2014 AMCIS Panel on IS History

Savannah, Georgia, 2014.08.08

The Influence of Industries and Practice on the IS Field: A Recount of History 

Ping Zhang, Syracuse University, This email address is being protected from spambots. You need JavaScript enabled to view it.

Jerry Luftman, Global Institute for IT Management LLC, This email address is being protected from spambots. You need JavaScript enabled to view it.

Ephraim Mclean, Georgia State University, This email address is being protected from spambots. You need JavaScript enabled to view it.

Hugh Watson, University of Georgia, This email address is being protected from spambots. You need JavaScript enabled to view it.  


The history of any academic discipline plays an important role in shaping the discipline, giving the discipline its unique identity, and establishing the foundation for the future. AIS is initiating an effort to collect, preserve, interpret, write and disseminate the history of the IS field.  As part of the initiatives, the AIS History task force has organized panels at all major IS conferences, including ECIS, PACIS, AMCIS, and ICIS in 2013 on various aspects of the IS field. This is one type of activity that will help collect as well as disseminate the IS history with the community. More info on the IS history project can be found at http://history.aisnet.org. At AMCIS 2014, the theme of the panel is: The historical development of industries’ influence on the future of IS. We hope to recollect some major events, decision points, milestones, and critical thoughts over the many decades on how industry and practice has influenced the IS discipline in terms of its topical focus, education emphasis and curricula, philosophical positions, research approaches, and other aspects. The ultimate goal is to gain insight on the future roles of industry and practice in the IS discipline.


IS Practice, IS Industry, IS discipline, IS history, IS future.


The targeted audience is scholars who are interested in the IS discipline, its history, and implications to its future. They may benefit from the memories and opinions of panelists as well as of other members of the audience on issues related to the panel theme. They may become engaged in contributing to the preservation, collection, and dissemination of IS history in the future.  To encourage participation, an announcement will be made to the AISWorld list prior to the conference. At the panel, the panelists present personal recollections on the following topics. Each panelist will cover both Topics 1 and 2; then along with the audience participation, all panelists will address Topic 3.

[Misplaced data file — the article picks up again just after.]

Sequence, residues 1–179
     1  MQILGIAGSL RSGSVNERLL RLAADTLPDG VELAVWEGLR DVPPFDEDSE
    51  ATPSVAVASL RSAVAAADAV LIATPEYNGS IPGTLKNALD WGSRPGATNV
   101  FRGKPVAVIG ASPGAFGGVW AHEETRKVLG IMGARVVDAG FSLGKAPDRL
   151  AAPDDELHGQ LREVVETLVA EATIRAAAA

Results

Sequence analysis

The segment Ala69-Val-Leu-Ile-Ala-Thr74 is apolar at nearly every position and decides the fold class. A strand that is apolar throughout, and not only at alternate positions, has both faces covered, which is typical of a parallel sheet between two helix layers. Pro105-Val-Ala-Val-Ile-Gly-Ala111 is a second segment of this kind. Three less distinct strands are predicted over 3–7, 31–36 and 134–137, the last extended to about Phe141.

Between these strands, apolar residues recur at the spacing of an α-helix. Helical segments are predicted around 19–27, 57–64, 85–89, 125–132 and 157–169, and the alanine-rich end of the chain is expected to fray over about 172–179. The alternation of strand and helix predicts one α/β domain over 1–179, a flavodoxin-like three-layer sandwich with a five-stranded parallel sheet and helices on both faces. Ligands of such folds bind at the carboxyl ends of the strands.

• Topic 1. Major events or milestones where industry and practice have significantly influence the IS field (research and education)
  • Topic 2. Major events or occasions where IS research and education significantly influenced the industry or practice
  • Topic 3. Possible trajectories from the history: How history helps us prepare for the future 

A questionnaire will be collected during the panel time from the audience to focus on the following:

  • Audience’s responses to the three topics
  • Audience’s additional comments on IS history
  • Audience’s willingness to be involved and if so their IDs
  • Audience’s evaluation of the panel and suggestions for future activities related to IS history

The panel session will be videotaped and made available in the AIS e-lib as part of the IS history collection. The panel content, discussions and expansions eventually will be written up into publications to foster preservation and broad dissemination. The feedback from the questionnaire will be used to guide future efforts on the IS History project. 


Jerry Luftman … I was in the first graduating class of Informations Management at NYU which combined Computer Science and Management.  We learned how to wire boards from 1st generation equipment, to machine language and assembler language (we thought it almost like English) of 2nd generation computers, to IBM’s systems that used COBOL, FORTRAN, and PL-I.  More importantly, even in the late “60s, having a combination of technical skills and business/management skills was fundamental to my career at IBM.  At IBM I owned products that included several mainframe computers, the MVS operating systems, AI (the precursor to Watson), was a CIO, lecturer at their Advanced Business Institute (where we brought in C level executives from around the globe), to being a key member of the team that initiated IBM’s management consulting group.   The later part of my career helped in supporting initiatives that contributed to grants that helped begin AIS, SIM, and research that is fundamental today.

The 21st Century is marked by the continued penetration of IT into all facets of the organization. Businesses, regardless of their size, cannot function without IT enabling/driving every activity, from traditional back-office systems to strategic services that interact with customers/clients and external partners. With the global business environment, organizations, and technology continuing to experience dramatic change at an accelerated pace, the role of IT has become increasingly more complex and challenging. Hence, as IT has become mission critical, it is imperative for IT and business leaders to work effectively and efficiently (the alignment of IT and business which has been pervasive and persistent for over 30 years) together to ensure that they are leveraging IT across their organization to attain enterprise wide transformation; not just using IT as a digital extension. The success of the business depends on the success of IT.